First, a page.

Date: 2019–02
  2. By: Michela Giorcelli; Nicola Lacetera; Astrid Marinoni
    Abstract: We study the interplay between scientific progress and culture through text analysis on a corpus of about eight million books, with the use of techniques and algorithms from machine learning. We focus on a specific scientific breakthrough, the theory of evolution through natural selection by Charles Darwin, and examine the diffusion of certain key concepts that characterized this theory in the broader cultural discourse and social imaginary. We find that some concepts in Darwin’s theory, such as Evolution, Survival, Natural Selection and Competition diffused in the cultural discourse immediately after the publication of On the Origins of Species. Other concepts such as Selection and Adaptation were already present in the cultural dialogue. Moreover, we document semantic changes for most of these concepts over time. Our findings thus show a complex relation between two key factors of long-term economic growth – science and culture. Considering the evolution of these two factors jointly can offer new insights to the study of the determinants of economic development, and machine learning is a promising tool to explore these relationships.
    Keywords: science, culture, economic history, text analysis, machine learning
    JEL: C19 C89 N00 O00 O39 Z19
    Date: 2019
  3. By: Avinash Barnwal; Haripad Bharti; Aasim Ali; Vishal Singh
    Abstract: Predicting the direction of assets have been an active area of study and a difficult task. Machine learning models have been used to build robust models to model the above task. Ensemble methods is one of them showing results better than a single supervised method. In this paper, we have used generative and discriminative classifiers to create the stack, particularly 3 generative and 9 discriminative classifiers and optimized over one-layer Neural Network to model the direction of price cryptocurrencies. Features used are technical indicators used are not limited to trend, momentum, volume, volatility indicators, and sentiment analysis has also been used to gain useful insight combined with the above features. For Cross-validation, Purged Walk forward cross-validation has been used. In terms of accuracy, we have done a comparative analysis of the performance of Ensemble method with Stacking and Ensemble method with blending. We have also developed a methodology for combined features importance for the stacked model. Important indicators are also identified based on feature importance.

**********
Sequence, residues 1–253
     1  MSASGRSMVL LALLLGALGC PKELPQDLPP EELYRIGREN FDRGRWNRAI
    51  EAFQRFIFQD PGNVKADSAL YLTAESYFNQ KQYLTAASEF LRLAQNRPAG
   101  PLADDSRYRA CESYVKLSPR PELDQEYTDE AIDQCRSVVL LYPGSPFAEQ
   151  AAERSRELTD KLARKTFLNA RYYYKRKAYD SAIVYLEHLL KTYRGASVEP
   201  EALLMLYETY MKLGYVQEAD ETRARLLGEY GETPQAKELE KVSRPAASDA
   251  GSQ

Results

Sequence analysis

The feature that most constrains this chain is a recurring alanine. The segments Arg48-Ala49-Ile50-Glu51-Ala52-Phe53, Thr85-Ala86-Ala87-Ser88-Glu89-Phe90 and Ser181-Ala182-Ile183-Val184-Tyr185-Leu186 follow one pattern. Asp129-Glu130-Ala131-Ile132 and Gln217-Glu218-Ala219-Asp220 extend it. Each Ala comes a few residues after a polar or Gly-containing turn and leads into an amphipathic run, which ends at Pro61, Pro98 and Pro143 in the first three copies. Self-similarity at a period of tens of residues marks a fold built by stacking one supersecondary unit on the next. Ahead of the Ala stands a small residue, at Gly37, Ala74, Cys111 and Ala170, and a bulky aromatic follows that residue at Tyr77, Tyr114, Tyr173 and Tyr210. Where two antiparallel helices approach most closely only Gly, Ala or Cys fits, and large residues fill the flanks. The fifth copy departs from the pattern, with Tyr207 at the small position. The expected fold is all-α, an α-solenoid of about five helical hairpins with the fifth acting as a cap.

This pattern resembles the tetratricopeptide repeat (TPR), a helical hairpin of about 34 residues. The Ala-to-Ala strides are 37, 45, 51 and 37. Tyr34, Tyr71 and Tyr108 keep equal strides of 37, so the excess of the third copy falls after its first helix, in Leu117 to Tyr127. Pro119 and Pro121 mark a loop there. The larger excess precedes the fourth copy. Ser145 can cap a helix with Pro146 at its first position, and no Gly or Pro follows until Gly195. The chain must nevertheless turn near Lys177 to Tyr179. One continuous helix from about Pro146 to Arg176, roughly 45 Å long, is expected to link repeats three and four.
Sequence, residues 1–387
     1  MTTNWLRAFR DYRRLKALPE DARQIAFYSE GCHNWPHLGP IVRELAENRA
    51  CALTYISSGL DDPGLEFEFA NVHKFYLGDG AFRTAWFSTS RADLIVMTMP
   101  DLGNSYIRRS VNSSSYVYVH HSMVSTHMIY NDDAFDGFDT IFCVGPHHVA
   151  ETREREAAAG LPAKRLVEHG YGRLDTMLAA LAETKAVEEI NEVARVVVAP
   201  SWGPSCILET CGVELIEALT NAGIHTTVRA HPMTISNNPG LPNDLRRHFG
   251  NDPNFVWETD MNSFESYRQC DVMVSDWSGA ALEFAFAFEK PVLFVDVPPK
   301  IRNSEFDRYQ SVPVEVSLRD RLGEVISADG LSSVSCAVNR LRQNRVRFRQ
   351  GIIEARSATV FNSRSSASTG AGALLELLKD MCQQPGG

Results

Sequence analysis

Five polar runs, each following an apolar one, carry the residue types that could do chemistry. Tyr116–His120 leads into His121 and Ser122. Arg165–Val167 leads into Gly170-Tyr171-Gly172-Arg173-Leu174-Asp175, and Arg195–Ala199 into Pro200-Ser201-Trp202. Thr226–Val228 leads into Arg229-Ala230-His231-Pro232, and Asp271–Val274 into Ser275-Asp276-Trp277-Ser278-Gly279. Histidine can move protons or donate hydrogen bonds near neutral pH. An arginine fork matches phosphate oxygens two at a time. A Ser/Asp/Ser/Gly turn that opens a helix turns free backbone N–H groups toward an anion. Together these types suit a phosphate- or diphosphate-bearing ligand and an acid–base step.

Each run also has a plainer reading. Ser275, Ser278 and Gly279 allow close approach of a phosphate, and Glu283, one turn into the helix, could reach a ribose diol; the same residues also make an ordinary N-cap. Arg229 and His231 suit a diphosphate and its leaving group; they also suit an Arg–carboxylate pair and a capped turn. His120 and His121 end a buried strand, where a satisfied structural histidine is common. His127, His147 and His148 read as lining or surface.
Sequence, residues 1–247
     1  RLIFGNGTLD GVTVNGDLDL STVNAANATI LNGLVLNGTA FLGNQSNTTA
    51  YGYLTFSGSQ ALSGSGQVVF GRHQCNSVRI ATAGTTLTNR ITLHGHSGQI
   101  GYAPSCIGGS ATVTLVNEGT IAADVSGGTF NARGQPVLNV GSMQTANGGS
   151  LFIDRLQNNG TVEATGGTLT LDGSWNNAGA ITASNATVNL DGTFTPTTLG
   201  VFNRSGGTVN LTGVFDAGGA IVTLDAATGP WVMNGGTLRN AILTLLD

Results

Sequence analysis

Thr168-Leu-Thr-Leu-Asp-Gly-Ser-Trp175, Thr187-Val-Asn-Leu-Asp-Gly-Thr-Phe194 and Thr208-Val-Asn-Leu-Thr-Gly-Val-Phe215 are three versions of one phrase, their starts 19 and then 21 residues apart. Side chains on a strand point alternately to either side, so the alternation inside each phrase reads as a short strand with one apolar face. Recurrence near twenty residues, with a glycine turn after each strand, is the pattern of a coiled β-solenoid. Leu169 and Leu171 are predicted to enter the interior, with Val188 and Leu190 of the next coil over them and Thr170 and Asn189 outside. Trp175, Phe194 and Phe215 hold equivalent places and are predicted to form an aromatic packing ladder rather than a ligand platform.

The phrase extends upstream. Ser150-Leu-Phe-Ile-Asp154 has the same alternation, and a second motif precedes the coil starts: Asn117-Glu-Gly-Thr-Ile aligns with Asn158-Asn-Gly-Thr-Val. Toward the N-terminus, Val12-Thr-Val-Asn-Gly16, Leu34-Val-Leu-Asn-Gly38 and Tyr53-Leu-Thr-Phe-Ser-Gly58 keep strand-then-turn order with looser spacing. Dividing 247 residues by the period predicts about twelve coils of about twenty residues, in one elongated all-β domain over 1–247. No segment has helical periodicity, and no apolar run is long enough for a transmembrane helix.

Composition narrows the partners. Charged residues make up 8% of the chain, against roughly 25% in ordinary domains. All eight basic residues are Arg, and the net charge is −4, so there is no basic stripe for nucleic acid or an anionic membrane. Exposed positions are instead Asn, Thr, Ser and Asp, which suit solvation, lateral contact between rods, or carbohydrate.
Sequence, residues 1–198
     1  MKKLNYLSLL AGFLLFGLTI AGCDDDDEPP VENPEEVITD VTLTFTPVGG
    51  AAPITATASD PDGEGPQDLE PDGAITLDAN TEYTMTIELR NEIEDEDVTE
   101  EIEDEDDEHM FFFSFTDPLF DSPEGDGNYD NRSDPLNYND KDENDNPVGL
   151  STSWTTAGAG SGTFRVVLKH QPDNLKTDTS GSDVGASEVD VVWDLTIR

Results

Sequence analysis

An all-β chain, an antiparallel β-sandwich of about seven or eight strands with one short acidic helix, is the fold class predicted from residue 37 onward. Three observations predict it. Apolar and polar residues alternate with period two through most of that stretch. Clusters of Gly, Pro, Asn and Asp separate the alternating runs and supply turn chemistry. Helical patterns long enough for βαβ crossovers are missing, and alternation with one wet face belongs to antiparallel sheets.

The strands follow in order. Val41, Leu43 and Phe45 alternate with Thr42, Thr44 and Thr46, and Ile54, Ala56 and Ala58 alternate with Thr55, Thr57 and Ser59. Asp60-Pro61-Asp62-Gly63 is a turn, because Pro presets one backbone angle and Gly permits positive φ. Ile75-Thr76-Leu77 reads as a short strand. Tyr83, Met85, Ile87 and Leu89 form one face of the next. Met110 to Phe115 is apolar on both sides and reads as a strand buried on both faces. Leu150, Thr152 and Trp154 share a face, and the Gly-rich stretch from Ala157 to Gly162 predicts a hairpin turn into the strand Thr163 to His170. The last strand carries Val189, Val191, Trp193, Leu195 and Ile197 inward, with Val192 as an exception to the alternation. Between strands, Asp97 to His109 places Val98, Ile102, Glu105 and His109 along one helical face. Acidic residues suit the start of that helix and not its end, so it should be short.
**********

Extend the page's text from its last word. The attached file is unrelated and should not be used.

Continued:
Date: 2019–02
  4. By: Gries, Thomas (Universitat Paderborn); Naude, Wim (UNU-MERIT, and Maastricht University, RWTH Aachen University, IZA Institute of Labor Economics, Bonn.)
    Abstract: Rapid technological progress in artificial intelligence (AI) has been predicted to lead to mass unemployment, rising inequality, and higher productivity growth through automation. In this paper we critically re-assess these predictions by (i) surveying the recent literature and (ii) incorporating AI-facilitated automation into a product variety-model, frequently used in endogenous growth theory, but modified to allow for demand-side constraints. This is a novel approach, given that endogenous growth models, and including most recent work on AI in economic growth, are largely supply-driven. Our contribution is motivated by two reasons. One is that there are still only very few theoretical models of economic growth that incorporate AI, and moreover an absence of growth models with AI that takes into consideration growth constraints due to insuficient aggregate demand. A second is that the predictions of AI causing massive job losses and faster growth in productivity and GDP are at odds with reality so far: if anything, unemployment in many advanced economies is historically low. However, wage growth and productivity is stagnating and inequality is rising. Our paper provides a theoretical explanation of this in the context of rapid progress in AI.
    Keywords: Technology, artificial intelligence, productivity, labour demand, innovation, growth theory